After recounting Franklin Roosevelt’s “Economic Bill of Rights,” and detailing the nation’s drift from FDR’s faith that America could be a just and democratic land, Moore details how the hedge fund managers and CEOs got bailed out while working Americans got layoffs and foreclosure notices. “I refuse to live in a country like this and I’m not leaving,” he says. “We live in the richest country in the world. We all deserve a decent job, healthcare, a good education, a home to call our own. We all deserve FDR’s dream. It’s a crime that we don’t have it. And we never will as long as we have a system that enriches the few at the expense of the many. Capitalism is an evil and you cannot regulate evil. You have to eliminate it and replace it with something good for all people… and that something is called democracy.” 

That’s the political point of Moore’s film, but he finishes on what is actually a more profound note. Worn and worried, he says: “You know, I can’t really do this anymore unless those of you who are watching in the theater want to join me. I hope you will. And speed it up!”

It took the better part of two years. But on the first cold Saturday of March 2011, Michael Moore stood before tens of thousands of public workers, teachers, farmers, students and their allies who had come to hear him attack the lie that “America is broke” with the truth: “The country is awash in wealth and cash. It’s just that it’s not in your hands. It has been transferred, in the greatest heist in history, from the workers and consumers to the banks and the portfolios of the über-rich.”

Speaking of the bankers, the speculators and the corporate CEOs, Moore said: “They have created a poison pill that they know you will never want to take. It is their version of mutually assured destruction. And when they threatened to release this weapon of mass economic annihilation in September of 2008, we blinked. As the economy and the stock market went into a tailspin, and the banks were caught conducting a worldwide Ponzi scheme, Wall Street issued this threat: either hand over trillions of dollars from the American taxpayers or we will crash this economy straight into the ground. Fork it over or it’s goodbye savings accounts. Goodbye pensions. Goodbye United States Treasury. Goodbye jobs and homes and future.…

“The executives in the board rooms and hedge funds could not contain their laughter, their glee, and within three months they were writing each other huge bonus checks and marveling at how perfectly they had played a nation full of suckers. Millions lost their jobs anyway, and millions lost their homes. But there was no revolt. Until now!”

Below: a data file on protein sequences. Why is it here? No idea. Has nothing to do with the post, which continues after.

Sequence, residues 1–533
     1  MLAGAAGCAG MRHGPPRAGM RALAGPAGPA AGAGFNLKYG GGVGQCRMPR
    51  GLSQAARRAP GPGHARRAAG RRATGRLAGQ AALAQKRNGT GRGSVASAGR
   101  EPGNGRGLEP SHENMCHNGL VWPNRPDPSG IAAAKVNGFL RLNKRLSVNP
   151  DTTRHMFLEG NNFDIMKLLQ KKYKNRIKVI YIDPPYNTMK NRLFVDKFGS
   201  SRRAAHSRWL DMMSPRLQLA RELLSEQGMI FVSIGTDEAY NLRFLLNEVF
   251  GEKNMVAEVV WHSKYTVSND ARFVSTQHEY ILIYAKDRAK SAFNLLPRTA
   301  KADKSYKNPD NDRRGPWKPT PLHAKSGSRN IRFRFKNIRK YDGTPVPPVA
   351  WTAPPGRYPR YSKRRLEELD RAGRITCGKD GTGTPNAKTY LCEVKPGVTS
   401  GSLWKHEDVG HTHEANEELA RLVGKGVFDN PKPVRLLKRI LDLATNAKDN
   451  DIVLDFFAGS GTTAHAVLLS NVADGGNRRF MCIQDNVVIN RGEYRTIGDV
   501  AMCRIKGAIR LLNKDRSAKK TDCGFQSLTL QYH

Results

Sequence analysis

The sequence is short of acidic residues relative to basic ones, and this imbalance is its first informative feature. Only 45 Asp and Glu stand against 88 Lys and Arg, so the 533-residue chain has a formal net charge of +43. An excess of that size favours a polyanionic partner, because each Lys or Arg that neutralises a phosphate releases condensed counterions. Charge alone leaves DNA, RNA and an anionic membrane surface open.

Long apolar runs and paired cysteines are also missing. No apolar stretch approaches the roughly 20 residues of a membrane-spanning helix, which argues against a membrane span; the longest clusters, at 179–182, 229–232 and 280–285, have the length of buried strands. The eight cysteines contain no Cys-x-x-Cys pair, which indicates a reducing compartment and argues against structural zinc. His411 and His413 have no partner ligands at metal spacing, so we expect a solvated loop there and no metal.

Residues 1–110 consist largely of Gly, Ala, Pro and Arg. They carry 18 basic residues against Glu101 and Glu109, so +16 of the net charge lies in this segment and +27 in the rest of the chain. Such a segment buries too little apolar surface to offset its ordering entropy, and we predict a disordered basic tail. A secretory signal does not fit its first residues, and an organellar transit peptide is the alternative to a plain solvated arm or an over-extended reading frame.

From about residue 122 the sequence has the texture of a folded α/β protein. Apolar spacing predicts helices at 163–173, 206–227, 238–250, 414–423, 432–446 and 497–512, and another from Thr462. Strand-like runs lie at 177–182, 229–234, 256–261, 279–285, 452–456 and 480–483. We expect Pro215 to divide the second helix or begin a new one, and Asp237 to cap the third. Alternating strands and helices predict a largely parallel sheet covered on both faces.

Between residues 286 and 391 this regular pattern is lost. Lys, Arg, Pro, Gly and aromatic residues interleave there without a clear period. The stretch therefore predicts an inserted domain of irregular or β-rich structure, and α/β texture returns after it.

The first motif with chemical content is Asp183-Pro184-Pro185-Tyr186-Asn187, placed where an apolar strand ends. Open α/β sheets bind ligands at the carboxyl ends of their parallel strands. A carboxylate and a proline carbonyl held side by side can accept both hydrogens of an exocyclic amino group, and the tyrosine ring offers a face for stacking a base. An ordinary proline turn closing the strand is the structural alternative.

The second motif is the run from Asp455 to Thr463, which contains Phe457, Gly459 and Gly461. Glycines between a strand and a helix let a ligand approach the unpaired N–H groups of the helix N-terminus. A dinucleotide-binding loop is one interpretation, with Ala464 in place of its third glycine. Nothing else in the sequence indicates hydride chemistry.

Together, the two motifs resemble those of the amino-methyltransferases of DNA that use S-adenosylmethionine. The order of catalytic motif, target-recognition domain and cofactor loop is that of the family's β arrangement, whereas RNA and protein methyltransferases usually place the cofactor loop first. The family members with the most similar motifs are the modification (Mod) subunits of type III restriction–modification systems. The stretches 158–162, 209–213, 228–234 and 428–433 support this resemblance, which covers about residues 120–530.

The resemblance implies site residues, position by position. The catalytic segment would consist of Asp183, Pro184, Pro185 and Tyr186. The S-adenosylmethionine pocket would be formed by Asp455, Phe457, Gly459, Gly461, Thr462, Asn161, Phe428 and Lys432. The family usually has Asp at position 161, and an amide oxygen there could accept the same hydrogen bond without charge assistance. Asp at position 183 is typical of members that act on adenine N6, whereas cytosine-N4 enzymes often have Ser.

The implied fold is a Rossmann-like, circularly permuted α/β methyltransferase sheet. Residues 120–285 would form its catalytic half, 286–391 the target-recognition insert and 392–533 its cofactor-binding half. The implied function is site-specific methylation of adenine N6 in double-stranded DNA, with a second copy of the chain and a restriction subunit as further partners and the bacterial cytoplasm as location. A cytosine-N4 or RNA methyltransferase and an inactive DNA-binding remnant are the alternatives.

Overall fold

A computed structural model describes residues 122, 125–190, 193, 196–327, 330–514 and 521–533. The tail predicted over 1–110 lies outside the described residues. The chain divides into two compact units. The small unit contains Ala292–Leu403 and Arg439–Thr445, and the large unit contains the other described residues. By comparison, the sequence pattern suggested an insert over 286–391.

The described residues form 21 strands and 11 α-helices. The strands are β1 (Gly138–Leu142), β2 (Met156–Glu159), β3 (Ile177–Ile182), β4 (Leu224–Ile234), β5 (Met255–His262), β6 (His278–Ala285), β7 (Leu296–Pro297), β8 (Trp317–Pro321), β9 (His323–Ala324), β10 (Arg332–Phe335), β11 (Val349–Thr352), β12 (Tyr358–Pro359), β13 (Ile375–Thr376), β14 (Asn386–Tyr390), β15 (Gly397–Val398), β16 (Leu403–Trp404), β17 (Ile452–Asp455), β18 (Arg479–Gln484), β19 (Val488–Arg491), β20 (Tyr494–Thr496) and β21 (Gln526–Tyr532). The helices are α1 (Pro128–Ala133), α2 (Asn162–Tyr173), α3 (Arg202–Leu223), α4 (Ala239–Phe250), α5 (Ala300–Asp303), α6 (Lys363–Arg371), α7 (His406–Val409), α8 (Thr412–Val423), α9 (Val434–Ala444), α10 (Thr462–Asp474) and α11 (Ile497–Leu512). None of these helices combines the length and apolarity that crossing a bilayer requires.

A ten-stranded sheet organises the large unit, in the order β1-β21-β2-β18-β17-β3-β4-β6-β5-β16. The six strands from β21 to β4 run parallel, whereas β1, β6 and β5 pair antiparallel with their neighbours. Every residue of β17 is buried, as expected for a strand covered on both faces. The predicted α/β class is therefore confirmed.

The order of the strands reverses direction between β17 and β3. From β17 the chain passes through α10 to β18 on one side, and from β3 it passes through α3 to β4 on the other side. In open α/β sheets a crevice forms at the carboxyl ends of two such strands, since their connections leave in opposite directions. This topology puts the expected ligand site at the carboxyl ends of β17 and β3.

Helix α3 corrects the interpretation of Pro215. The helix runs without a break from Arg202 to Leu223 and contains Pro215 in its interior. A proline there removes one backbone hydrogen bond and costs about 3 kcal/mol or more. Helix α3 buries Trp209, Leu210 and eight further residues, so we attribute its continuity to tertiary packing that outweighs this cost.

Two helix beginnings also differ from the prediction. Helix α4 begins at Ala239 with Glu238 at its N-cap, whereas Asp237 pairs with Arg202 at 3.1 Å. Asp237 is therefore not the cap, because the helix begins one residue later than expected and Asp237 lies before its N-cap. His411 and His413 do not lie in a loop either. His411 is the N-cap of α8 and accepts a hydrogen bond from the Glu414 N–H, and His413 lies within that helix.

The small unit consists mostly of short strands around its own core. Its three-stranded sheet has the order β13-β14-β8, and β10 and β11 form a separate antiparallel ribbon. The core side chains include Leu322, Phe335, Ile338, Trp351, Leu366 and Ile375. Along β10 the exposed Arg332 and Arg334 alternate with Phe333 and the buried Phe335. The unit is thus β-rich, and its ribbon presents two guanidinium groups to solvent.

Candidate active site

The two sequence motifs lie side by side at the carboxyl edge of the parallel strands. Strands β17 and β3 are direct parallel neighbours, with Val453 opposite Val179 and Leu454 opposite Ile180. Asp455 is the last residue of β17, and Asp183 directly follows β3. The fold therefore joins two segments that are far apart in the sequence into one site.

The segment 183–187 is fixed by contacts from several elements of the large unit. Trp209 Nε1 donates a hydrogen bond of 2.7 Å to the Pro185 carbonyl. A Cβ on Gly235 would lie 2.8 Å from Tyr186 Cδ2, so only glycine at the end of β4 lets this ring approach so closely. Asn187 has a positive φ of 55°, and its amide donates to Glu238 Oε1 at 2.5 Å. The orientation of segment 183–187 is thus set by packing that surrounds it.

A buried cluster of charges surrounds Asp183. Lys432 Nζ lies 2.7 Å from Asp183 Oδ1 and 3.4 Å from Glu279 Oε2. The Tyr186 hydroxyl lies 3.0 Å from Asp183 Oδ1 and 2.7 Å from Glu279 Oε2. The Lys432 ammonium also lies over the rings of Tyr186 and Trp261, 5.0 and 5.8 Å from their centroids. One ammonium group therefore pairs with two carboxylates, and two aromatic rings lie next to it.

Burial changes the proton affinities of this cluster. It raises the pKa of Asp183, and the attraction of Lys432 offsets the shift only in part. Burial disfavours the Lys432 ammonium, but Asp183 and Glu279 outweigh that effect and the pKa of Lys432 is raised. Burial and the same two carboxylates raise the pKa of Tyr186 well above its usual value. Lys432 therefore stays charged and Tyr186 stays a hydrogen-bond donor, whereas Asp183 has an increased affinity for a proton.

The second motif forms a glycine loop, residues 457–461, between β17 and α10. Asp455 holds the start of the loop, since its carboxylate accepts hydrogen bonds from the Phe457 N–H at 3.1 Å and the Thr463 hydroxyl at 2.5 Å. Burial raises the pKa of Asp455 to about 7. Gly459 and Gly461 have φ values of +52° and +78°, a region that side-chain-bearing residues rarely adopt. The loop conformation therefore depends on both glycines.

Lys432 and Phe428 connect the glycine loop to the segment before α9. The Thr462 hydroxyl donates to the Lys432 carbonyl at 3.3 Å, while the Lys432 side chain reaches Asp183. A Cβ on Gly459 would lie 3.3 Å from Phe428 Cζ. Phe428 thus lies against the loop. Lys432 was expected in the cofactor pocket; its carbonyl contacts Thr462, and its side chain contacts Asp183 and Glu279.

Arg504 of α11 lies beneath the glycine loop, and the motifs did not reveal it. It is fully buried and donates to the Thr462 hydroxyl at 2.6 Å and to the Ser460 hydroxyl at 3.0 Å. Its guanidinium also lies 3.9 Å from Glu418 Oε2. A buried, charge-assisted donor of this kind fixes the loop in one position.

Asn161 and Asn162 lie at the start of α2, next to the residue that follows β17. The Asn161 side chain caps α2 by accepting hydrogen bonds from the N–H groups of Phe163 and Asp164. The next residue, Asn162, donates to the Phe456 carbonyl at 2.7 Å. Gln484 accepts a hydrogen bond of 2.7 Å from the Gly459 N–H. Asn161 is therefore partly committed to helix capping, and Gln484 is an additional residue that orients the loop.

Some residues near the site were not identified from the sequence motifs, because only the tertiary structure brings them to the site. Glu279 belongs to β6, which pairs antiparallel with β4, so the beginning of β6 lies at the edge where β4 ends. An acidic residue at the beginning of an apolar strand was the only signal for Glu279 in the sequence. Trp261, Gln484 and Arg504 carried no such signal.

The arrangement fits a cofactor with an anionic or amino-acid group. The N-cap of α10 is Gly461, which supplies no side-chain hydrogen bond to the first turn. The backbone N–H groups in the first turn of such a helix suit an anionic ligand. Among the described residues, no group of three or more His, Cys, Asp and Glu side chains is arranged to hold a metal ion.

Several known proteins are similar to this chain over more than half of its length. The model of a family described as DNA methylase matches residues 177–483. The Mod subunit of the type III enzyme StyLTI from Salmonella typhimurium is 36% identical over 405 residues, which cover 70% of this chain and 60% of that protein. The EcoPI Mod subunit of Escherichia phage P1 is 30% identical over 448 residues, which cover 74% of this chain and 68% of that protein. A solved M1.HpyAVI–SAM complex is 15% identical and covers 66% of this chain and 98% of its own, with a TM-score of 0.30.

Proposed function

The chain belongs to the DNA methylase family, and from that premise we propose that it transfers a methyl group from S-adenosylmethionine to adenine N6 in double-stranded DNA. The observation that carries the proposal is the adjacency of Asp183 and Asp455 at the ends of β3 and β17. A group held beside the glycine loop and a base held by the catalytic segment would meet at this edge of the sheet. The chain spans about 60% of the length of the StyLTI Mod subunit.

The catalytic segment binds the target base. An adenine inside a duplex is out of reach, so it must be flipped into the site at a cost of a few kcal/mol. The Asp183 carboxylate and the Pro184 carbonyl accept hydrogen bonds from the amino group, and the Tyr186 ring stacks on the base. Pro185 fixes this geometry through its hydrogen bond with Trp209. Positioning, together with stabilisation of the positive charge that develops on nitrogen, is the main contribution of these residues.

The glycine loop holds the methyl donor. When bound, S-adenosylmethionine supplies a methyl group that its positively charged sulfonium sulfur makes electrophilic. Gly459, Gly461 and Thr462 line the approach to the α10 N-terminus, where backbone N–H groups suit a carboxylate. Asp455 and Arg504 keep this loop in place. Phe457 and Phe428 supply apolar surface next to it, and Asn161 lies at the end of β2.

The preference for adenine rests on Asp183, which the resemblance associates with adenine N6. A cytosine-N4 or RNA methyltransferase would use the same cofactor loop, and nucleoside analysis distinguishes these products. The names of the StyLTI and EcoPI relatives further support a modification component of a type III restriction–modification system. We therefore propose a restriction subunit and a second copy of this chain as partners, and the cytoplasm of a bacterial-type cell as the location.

The look of delight on Moore’s face when he uttered those words, and the knowing roar of approval from the crowd, was the most powerful moment Saturday.

It was followed not by the poignant plea for engagement that closed Capitalism: A Love Story but rather by a celebration of the answer to that plea.

“On, Wisconsin!” Moore shouted. “Never has a Michigander been more happy to share a big, great lake with you! You have aroused the sleeping giant known as the working people of the United States of America. Right now the earth is shaking and the ground is shifting under the feet of those who are in charge. Your message has inspired people in all fifty states and that message is: we have had it!"

The crowd chanted: "We have had it! We have had it!" 

Moore continued: "We reject anyone who tells us America is broke and broken. It’s just the opposite! We are rich with talent and ideas and hard work and, yes, love. Love and compassion toward those who have, through no fault of their own, ended up as the least among us. But they still crave what we all crave: Our country back! Our democracy back! Our good name back! The United States of America. not the Corporate States of America. The United States of America!” 

“The United States of America!” “The United States of America!” “The United States of America!” came the response from the crowd. 

It was clear in that moment, that remarkable moment, that the American story of submission and surrender was done. Now, finally, the American story—not just the Wisconsin story but the American story—of the fight for a republic that might yet realize FDR’s dream of economic liberty has begun.

Michael Moore is not alone anymore when he says that he refuses to live in an America defined and deranged by banksters and crooked CEOs. Tens of thousands, hundreds of thousands, millions of Americans are coming, as their ancestors did, to the village green, to the city hall, to the Capitol Square and declaring: “We refuse to live in a country like this and we’re not leaving.”